Reunion: Redux

I did promise to report here I am.  I survived.  Even though the whole thing had put me in a weird headspace and had made me contemplate some things about myself, I'm glad I went.  Peter had planned to come along with me, but he had unfortunately been made redundant (thanks to the TAFE funding cuts) the day before.  There will be more about this later.  As he'd come down with a cold, it was couch and pajama time for him.   So, here's how my night went...

A lovely friend had been persuaded by my last blog post, to come along.  She had been contacted by someone else we went to high school with, and all three of us rocked up together.  I was happy to give them both a in numbers, and all that.  And secretly I thought how ace it was to be arriving with two of the coolest and nicest people from school.  We had all confessed our fears in the car, and at the first sign of it being traumatic we'd agreed to make a mad dash to Sydney Road for coffee and cake!  It's good to have Plan B's in life sometimes.

So, in we walked and mingled.  I could see some familiar faces and after initially letting my nerves get the better of me, I dashed to the bar.  Yep, socialising can be easier whilst holding a drink.  I found a friend I have kept in regular contact with over the years, and another I hadn't seen since year 11.  It was nice to chat to them.  I think everyone fears or suspects that reunions will be about sussing out who is successful, happily married, divorced or gone bald.  One interesting thing is that Facebook seems to have kept most people up to date with the general information. Where we work, live and our relationships etc.  So most of the conversations I had on the night were about other things.

I saw someone look at me across the room.  She smiled and began walking towards me.  It took a while to realise the name that went with the face, but once I figured it out I was thrilled.  I'd spent one summer holiday getting to know her, back when I was 14.  Our parents both camped at the same caravan park, so it was a fun summer of looking at boys and giggling.  It was lovely to catch up and find that we still had a similar sense of humour and dry wit.  I had mentioned how I was nervous and feeling like my shy teenage self.  She looked at me surprised.  Sometimes it's funny to see yourself from the outside.  I guess I was always fine with friends, but intimidated by other people in the room.

We watched as the blonde popular girls arrived and all screamed and hugged each other.  Funnily we had formed into the similar groups we had at high school.  We were all leaning over to each other, whispering "Oh what's her name again?" or "who's that guy?".  We managed to remember most people, but I think there were many mysteries in the room.  Some people had left the school in year 10 or 11, and had been in different grades.  I was prepared for many people not to remember me...and there were some blank stares in my direction.  However, hilariously one person remembered my name but I had no idea who she was...even after someone said her name!  I guess that sums it all up really.  Some of the girls were saying that we'd all aged better than the guys.  I think this is a bit harsh.  I looked around the room and saw people in their 40s, with all sorts of life experiences.  I was in no position to throw stones from my glasshouse!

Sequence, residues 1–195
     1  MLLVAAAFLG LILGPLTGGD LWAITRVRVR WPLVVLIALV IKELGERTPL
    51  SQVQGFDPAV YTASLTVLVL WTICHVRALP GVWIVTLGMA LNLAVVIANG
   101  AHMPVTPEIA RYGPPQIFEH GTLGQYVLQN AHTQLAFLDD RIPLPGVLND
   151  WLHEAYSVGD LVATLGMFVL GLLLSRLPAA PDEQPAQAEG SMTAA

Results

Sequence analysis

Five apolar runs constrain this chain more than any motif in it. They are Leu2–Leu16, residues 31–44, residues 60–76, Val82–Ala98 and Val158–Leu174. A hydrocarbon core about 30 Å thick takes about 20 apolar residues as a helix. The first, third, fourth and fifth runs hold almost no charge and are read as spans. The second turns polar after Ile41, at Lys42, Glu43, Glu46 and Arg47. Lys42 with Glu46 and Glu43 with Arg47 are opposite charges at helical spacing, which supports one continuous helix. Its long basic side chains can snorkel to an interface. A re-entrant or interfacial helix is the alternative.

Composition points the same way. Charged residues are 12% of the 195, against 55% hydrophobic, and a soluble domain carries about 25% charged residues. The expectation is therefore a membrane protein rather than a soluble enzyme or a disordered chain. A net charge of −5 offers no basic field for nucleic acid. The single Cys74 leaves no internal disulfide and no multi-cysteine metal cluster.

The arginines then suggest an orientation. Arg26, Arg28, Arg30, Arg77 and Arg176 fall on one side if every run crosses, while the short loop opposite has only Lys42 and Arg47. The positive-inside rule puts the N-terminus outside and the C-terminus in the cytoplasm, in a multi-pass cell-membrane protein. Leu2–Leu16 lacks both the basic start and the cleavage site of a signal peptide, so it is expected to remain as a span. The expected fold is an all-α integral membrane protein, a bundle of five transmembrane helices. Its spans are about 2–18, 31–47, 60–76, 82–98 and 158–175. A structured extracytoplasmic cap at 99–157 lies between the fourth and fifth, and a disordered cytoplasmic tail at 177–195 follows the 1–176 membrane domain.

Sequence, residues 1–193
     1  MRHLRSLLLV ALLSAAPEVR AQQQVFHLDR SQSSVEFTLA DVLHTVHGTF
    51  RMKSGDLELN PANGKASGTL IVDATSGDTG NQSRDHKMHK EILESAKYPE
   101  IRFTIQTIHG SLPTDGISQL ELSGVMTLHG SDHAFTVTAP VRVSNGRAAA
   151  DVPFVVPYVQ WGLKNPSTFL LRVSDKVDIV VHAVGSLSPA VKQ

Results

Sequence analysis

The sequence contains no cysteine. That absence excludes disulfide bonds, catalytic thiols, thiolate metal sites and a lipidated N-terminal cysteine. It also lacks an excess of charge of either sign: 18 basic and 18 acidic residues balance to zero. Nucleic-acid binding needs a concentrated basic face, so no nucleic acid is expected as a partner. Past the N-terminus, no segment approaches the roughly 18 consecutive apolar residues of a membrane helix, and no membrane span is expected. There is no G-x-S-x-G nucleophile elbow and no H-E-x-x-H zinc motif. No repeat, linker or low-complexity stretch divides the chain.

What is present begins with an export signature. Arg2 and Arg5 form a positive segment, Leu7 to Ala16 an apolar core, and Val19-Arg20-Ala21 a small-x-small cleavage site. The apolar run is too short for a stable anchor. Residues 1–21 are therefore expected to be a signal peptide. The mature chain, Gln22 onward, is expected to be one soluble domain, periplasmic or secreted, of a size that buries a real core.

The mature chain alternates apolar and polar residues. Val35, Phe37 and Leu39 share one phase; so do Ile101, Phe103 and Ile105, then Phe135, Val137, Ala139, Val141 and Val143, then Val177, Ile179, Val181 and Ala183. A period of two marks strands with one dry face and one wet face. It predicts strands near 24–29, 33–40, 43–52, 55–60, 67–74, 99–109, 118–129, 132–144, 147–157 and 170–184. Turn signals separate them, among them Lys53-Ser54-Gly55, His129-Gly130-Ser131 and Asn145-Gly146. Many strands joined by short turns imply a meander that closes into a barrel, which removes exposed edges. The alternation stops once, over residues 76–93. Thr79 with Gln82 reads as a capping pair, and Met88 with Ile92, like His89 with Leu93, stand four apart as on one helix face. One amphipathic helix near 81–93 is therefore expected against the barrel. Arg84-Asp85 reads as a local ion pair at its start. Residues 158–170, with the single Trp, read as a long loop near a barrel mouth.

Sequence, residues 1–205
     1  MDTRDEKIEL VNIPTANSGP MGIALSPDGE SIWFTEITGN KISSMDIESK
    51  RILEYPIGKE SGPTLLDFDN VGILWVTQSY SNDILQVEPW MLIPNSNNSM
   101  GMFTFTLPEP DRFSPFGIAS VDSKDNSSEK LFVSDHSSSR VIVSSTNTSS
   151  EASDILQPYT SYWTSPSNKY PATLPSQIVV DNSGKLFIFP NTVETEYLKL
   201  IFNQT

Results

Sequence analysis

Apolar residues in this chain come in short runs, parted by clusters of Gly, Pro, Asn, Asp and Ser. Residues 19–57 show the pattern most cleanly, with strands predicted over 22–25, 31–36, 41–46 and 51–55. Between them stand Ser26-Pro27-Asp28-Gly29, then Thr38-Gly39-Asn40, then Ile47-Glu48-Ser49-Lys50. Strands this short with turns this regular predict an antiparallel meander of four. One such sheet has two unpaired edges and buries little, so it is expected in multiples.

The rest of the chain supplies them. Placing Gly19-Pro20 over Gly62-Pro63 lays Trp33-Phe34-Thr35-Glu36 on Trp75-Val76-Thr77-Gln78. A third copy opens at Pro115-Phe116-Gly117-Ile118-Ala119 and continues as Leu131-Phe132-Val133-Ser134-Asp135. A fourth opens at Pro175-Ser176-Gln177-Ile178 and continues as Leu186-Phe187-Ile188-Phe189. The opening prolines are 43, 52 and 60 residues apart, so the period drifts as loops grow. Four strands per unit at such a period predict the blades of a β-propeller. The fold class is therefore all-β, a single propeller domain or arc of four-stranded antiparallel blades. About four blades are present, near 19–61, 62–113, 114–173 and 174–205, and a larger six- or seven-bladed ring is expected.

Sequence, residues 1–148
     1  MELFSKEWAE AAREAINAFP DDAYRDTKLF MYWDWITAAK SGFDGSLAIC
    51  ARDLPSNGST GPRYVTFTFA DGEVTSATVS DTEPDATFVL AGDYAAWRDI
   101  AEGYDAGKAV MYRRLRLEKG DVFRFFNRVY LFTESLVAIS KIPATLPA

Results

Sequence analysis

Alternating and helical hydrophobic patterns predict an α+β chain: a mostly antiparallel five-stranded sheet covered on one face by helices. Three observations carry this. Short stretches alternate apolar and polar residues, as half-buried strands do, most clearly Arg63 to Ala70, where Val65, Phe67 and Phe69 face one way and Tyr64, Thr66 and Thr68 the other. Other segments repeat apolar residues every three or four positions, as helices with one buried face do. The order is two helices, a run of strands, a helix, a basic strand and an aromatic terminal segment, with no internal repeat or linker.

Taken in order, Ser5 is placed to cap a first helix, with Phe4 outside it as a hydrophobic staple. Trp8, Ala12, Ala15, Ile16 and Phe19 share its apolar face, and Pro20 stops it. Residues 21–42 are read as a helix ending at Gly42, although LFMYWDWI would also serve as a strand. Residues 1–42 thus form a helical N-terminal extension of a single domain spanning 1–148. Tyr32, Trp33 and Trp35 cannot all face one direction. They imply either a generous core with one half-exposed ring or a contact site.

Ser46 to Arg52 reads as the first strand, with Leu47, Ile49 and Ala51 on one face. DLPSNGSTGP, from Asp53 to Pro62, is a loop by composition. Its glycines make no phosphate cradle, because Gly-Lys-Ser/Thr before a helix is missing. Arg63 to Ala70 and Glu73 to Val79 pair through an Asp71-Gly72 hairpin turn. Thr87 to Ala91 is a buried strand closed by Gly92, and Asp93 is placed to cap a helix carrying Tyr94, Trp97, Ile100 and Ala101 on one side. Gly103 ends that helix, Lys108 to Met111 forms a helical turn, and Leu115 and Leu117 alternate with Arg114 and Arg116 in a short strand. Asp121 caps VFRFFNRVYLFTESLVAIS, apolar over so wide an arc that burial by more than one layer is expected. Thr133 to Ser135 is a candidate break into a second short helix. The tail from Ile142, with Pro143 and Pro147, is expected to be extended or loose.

The reunion was held at a beer barn in Essendon, the suburb of our high school.  There was a bad covers band playing, which made conversation almost impossible.  Some of us watched while the 40 year olds hit the dance floor to Summer of 69 by Bryan Adams and Jessie's Girl by Rick Springfield.  At least it gave us music lovers something to point and laugh at.  I sought out someone who I hadn't really spoken to in high school.  She has however friended me on facebook, and been quite lovely about my blog and writing.  I met her husband and we were able to transcend the online comments, and  actually talk in person.  How gloriously old fashioned of us.

We had chatted until we were raspy and losing our voices.  It was about 11pm and the friend I'd arrived with had signaled that she was good to go if I was.  We began to say our goodbyes.  We moved across the dance floor (thank god the band had ended) to say farewell, and of course got chatting to more people.  And that's when it happened.  There was one question I'd kinda feared all night.  A girl who I'd never spoken to at school said hello.  She asked if I was married (yes) and then asked if I had kids.  "No" I replied, hoping that would be the end of it.  "Oh, is there any reason you haven't?" she probed, putting her hand to my elbow.  "Circumstances" was the answer I had been practicing in my head for weeks.  I bit the inside of my lip. A nervous habit I seem to have picked up in recent years.  "Well, that's ok..." she replied.  She said something else, but the roar of discomfort in my head, blocked it out.  The fact is it's kinda not ok with me, but you know that's how life is sometimes.  This is something quite confronting for me to mention here.  People are always amazed at what I write about, but I've managed to keep this information to myself, husband and my dear friends.  I have had moments where this has been too painful to write about, even though I've contemplated it many times.  We all have something that we wish was different in our lives.

My friend and I moved on, heading towards the entrance.  The smokers were all out there, and it seemed much wine and champagne had been drunk.  More chatting, hugs and laughs and then were were safely in my car.  We had managed to have a good night, mostly.  I walked away with a few more facebook friends and a smile on my face.  A good result all things considered.


Anonymous said…

xx em

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